7. So…a Michigan State student you’ve never heard of, a novel you’ve never read, and a crappy TV movie you’ve never seen somehow became a “moral panic” you never heard about? I’d call that a stretch if it weren’t insulting to stretches.

    1. It was pretty big and widely known at the time, and that chain of events laid some of the groundwork for the ’80s bigger and broader “Satanic Abuse Panic” which ruined a lot of lives and built Janet Reno’s career. So it wasn’t exactly irrelevant.

    2. So…a Michigan State student you’ve never heard of, a novel you’ve never read, and a crappy TV movie you’ve never seen somehow became a “moral panic” you never heard about?

      That’s almost exactly right. Except you should change “student you’ve never heard of” to “student whose disappearance attracted heavy news coverage.” Also, change “novel you’ve never read” to “bestseller.” While you’re at it, “movie you’ve never seen” should be “movie that attracted millions of viewers.” Oh: and “somehow became a moral panic you never heard about” should be “were just a few elements of a larger moral panic that many people remember.” Otherwise, that’s some top-notch summarizing.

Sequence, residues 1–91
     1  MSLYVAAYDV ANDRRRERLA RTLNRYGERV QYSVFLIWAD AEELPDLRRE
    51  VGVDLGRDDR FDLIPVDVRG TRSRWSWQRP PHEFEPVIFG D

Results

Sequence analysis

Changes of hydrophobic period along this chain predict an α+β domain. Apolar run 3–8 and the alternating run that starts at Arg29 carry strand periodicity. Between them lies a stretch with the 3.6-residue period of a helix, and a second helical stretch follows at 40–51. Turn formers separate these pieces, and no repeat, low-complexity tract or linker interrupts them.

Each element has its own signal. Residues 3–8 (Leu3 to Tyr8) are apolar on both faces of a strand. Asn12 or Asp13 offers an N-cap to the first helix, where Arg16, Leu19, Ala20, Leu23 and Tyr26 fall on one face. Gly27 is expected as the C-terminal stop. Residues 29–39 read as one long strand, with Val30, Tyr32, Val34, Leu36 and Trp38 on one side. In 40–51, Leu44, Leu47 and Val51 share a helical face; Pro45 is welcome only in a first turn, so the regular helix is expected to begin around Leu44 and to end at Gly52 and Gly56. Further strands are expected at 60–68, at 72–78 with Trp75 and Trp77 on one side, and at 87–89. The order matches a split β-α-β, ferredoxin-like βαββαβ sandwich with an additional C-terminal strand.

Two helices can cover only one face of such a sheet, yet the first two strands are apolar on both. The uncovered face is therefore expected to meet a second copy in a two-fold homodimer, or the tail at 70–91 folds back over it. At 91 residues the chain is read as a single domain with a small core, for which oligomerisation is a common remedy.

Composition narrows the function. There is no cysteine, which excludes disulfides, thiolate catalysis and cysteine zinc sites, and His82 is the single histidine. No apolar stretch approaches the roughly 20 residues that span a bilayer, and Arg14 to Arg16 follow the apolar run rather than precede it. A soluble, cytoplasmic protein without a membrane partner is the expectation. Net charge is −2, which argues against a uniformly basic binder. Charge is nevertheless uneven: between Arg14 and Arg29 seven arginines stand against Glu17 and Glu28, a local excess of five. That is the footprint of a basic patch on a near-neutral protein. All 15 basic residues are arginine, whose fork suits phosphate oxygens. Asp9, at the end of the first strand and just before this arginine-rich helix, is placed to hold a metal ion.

1. “Moral panics” are by definition ephemeral. If you queried 1000 people who were adults at that time, I’d bet that 999 of them wouldn’t know what you were talking about. That’s how important and long-lasting this particular “panic” was.

        And believe it or not, outside of libertarian geekdom, most people have never heard of D&D.

        1. “Moral panics” are by definition ephemeral.